Baseball game for peace a big hit

by Osamu Kido, Staff Writer

A game between the Hiroshima Toyo Carp and the Tokyo Yakult Swallows, dubbed “Paper Crane Night Game,” was held at the Hiroshima Municipal Baseball Stadium on August 26, in hopes of transmitting a wish for peace at one of Japanese baseball’s official games. About 16,000 spectators showed their support for the Mayors for Peace aim of abolishing nuclear weapons, the organization for which Hiroshima Mayor Tadatoshi Akiba serves as president. The fans created a sea of green, the color of Mayors for Peace, by holding up green signs in their hands.

When the top of the fifth inning was over, Mayor Akiba called out to the stadium from the giant TV screen on the scoreboard, “Let’s send a message of peace through this Paper Crane Night Game!” Then, at the end of inning, the fans raised their green signs in unison, bearing the Hiroshima Carp slogan “ALL-IN.” The “Paper Crane Portable Shrine” float, displayed at the Flower Festival held on Peace Boulevard in May, was also carried into the stadium.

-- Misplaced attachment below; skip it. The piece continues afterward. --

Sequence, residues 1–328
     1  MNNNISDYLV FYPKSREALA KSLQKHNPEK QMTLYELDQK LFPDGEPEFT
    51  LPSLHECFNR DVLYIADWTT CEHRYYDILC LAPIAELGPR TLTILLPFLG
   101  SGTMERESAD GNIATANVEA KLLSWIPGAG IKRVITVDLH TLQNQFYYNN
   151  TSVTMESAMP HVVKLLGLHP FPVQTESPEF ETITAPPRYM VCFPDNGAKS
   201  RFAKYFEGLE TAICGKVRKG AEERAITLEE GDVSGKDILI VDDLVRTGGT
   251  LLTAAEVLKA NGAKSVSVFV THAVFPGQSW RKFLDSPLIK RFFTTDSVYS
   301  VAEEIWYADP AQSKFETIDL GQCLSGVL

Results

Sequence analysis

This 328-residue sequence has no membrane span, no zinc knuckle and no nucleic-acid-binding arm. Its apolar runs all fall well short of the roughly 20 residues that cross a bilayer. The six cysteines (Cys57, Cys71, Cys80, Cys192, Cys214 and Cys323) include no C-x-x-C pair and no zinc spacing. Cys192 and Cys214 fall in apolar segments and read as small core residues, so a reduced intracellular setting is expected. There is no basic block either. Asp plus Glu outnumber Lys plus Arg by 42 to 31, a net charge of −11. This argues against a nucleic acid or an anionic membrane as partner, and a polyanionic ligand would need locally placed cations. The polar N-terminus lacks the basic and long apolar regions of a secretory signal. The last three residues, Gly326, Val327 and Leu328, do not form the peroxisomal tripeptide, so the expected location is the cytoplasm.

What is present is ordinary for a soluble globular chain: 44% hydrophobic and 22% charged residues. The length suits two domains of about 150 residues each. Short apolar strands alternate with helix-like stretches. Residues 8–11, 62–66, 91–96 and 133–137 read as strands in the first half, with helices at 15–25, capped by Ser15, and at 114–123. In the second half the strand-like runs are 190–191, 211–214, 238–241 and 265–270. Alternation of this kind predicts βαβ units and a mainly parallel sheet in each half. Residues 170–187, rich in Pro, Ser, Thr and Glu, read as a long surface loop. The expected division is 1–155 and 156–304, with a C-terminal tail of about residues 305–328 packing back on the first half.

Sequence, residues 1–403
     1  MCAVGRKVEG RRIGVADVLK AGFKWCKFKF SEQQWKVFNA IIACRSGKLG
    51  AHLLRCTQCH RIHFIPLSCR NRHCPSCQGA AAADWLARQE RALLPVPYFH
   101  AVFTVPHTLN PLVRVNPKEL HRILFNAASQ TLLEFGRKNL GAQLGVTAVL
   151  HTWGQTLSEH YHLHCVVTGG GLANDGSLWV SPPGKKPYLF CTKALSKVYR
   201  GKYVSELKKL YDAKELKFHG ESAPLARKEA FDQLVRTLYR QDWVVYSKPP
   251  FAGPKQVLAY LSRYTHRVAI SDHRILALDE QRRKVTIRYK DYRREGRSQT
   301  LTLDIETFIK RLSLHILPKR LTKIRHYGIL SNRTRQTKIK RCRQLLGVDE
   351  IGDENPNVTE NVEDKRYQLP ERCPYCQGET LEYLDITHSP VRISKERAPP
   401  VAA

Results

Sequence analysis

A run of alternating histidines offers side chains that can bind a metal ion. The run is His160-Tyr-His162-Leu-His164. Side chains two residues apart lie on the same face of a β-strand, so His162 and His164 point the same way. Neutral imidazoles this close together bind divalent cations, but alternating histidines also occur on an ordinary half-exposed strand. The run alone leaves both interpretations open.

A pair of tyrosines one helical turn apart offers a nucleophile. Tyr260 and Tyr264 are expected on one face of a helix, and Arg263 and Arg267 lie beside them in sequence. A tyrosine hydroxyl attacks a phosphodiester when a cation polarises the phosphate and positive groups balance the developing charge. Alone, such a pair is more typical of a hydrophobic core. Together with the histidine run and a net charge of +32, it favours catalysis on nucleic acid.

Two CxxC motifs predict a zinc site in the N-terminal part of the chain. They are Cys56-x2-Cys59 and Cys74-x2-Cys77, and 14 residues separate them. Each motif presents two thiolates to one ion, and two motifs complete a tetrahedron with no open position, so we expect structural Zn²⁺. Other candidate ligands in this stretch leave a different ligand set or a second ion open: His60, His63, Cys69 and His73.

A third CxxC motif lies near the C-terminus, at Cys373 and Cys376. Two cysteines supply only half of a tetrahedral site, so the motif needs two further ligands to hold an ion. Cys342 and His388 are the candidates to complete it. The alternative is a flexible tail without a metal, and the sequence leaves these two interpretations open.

The Hiroshima Peace Culture Foundation conceived the project as part of “the 2020 Vision” campaign being implemented by Mayors for Peace, which is seeking the abolition of nuclear weapons by the year 2020. The Hiroshima Carp baseball team offered its support during the special game, too, with the players donning a patch on the sleeve of their uniforms with the image of a paper crane.

Seikyo Hiroshima, a consumer cooperative, located in nearby Hatsukaichi City, took part, too. Members of the organization held a signature drive by the stadium for the “Cities Are Not Targets” project also proposed by Mayors for Peace.

(Originally Published on August 27, 2008) 

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